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March 22, 2024

Is Copilot for Frontline Workers Justified?

SAMexpert Podcast

Microsoft promises to make Copilot for M365 available to "frontline worker" M365 and O365 subscription plans. But the price still stands at $30/month.

In this 4-minute episode, Alexander Golev, CEO of SAMexpert, discusses the cost impact, questions the practicality of Copilot for frontline workers, and speculates about the possible reasons why Microsoft is doing it now.

5.51 MB
Episode Transcript

Microsoft's Promised Copilot Expansion

Microsoft promises to make Copilot for M365 more available soon, raising more questions than answers. The recent trend of Microsoft announcing licensing changes via blog posts is unusual. This format offers no guarantee that the changes will materialise as described.

The licensing community has a well-known adage: "If it's not in the product terms, it doesn't exist." However, for the sake of discussion, let's assume Microsoft's promise will be implemented as stated. Let's examine their announcement.

"To empower every organisation to become AI-powered, we are making Copilot available to businesses of all types and sizes, including frontline worker plans. Customers with Microsoft 365 F3 and F1, Office 365 E1, Business Basic, and more will be eligible to purchase Copilot for Microsoft 365 in the coming weeks."

If this announcement is implemented as stated, it would broaden Copilot's reach. However, a key question remains: Is the value proposition justified? The price remains fixed at $30 per user per month. Consider the Microsoft 365 F3 plan for Frontline Workers (which I'll define shortly). It costs $8 per user per month. Adding Copilot represents a nearly five-fold increase.

It becomes even more striking with the Microsoft 365 F1 plan, the most basic option for frontline workers. The F1 plan costs only $2.25 per user per month, and Adding Copilot dramatically increases the price to $32.25.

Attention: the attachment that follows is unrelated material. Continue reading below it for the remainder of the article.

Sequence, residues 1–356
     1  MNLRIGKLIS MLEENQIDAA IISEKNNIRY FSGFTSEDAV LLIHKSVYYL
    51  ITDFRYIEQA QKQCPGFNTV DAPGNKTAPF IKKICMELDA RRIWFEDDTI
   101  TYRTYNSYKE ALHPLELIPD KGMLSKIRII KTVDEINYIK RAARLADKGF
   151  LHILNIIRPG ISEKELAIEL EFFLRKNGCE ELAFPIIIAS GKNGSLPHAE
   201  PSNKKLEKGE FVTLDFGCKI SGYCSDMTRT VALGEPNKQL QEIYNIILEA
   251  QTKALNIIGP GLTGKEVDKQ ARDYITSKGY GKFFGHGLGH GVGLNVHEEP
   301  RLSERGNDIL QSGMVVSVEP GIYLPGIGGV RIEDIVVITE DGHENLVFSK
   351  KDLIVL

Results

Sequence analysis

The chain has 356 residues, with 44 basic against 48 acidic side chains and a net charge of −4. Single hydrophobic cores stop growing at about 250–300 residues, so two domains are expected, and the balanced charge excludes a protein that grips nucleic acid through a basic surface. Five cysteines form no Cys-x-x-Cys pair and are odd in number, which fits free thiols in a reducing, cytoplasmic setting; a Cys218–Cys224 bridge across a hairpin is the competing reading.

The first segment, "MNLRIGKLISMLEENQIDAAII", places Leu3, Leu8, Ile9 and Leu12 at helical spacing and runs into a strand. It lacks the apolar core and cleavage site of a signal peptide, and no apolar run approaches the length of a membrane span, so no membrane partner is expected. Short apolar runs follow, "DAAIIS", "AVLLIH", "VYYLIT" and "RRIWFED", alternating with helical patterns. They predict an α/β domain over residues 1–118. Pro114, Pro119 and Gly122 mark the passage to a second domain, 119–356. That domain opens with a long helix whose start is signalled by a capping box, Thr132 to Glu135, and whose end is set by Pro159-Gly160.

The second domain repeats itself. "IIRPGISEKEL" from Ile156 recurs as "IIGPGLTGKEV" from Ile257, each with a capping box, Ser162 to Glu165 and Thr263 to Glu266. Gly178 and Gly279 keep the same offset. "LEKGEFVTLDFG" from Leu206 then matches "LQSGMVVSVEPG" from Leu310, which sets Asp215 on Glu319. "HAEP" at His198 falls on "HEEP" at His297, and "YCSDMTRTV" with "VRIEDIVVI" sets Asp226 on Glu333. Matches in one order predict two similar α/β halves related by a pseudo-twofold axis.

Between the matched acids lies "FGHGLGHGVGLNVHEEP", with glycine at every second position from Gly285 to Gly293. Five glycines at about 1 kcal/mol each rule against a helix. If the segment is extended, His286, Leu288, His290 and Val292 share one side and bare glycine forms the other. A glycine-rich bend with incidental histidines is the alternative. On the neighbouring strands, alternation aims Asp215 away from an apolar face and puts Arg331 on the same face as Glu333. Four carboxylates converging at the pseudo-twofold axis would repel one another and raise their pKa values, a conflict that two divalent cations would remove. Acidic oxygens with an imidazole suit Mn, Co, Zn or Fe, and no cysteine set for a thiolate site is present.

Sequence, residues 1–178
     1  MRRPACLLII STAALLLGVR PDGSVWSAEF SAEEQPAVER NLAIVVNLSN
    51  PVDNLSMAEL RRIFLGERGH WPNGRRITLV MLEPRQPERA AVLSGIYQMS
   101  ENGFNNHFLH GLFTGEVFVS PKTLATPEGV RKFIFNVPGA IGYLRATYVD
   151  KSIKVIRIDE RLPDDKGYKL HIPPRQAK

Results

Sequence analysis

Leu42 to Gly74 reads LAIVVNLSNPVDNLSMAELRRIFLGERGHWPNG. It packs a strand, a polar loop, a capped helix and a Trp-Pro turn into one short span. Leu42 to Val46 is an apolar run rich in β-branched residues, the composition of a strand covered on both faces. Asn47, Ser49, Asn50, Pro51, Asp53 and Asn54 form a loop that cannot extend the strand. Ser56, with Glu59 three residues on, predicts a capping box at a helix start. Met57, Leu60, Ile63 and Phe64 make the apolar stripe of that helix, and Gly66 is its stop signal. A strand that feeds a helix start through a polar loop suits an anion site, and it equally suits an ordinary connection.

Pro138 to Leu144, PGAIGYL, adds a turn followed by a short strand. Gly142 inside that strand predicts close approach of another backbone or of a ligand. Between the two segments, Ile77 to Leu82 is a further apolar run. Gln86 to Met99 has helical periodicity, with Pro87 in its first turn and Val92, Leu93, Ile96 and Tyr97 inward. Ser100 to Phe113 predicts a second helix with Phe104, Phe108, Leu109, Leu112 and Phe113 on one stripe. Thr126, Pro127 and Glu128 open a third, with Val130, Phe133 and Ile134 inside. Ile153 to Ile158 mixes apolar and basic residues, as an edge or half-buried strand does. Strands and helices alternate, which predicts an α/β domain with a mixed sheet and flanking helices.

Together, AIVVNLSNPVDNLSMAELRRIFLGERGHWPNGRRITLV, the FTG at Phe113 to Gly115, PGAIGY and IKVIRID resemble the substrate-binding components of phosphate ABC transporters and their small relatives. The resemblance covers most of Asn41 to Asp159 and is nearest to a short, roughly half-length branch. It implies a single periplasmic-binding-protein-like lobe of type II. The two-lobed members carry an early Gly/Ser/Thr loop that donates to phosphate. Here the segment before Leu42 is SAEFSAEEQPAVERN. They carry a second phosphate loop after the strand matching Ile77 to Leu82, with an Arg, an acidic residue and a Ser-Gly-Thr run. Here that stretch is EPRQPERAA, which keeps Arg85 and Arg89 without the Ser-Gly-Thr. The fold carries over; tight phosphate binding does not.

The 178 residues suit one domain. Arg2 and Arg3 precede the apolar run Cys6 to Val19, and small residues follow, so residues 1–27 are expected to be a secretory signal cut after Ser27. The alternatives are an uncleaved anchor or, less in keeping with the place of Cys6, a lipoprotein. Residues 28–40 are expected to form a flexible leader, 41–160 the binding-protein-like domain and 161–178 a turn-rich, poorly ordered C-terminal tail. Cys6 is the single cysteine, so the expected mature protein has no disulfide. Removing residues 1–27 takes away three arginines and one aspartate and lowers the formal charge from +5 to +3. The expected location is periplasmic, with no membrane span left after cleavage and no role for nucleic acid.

Are Frontline Workers the Right Target Audience?

We have consulted with nearly a hundred industry professionals, posing the same question: Why would a client procure Microsoft 365 Copilot for a frontline worker?

The potential use cases aren't apparent. Would a delivery driver utilise Copilot to create PowerPoint presentations while in transit? Would a nurse rely on Excel for complex hospital-wide temperature analysis? Plausible scenarios may exist, but they are not readily apparent.

To clarify, frontline workers encompass roles such as delivery drivers, nurses, and factory personnel. Device screen size limitations often restrict them to small or medium-sized handheld devices. Their work typically does not involve extensive use of standard Office applications like PowerPoint, Word, or Excel.

Given these factors, Copilot's most plausible target audience appears to be users of Microsoft 365 Business Basic, who likely rely heavily on the online versions of Microsoft 365 applications. A feature-limited version of Copilot (namely, "Copilot", not "Copilot for Microsoft 365"), included in plans like E3 and E5, is, perhaps, a more suitable solution for frontline workers.

Why Copilot for Frontline Workers? Why Now?

The next thrilling question is: when will this change be implemented, exactly? Microsoft states, "In the next few weeks." We predict that changes will align with April 1st, when Microsoft often introduces major licensing updates. However, Copilot does not always adhere to the April 1st and October 1st schedules. Licensing changes for Copilot could potentially occur mid-month.

We should see the specifics reflected in the Microsoft product terms in a few weeks. Ultimately, the most important consideration is the return on investment (ROI). Microsoft 365 Copilot represents a substantial investment. For an in-depth analysis of professional considerations, please refer to this article.

Do you have use cases in mind? Please let us know.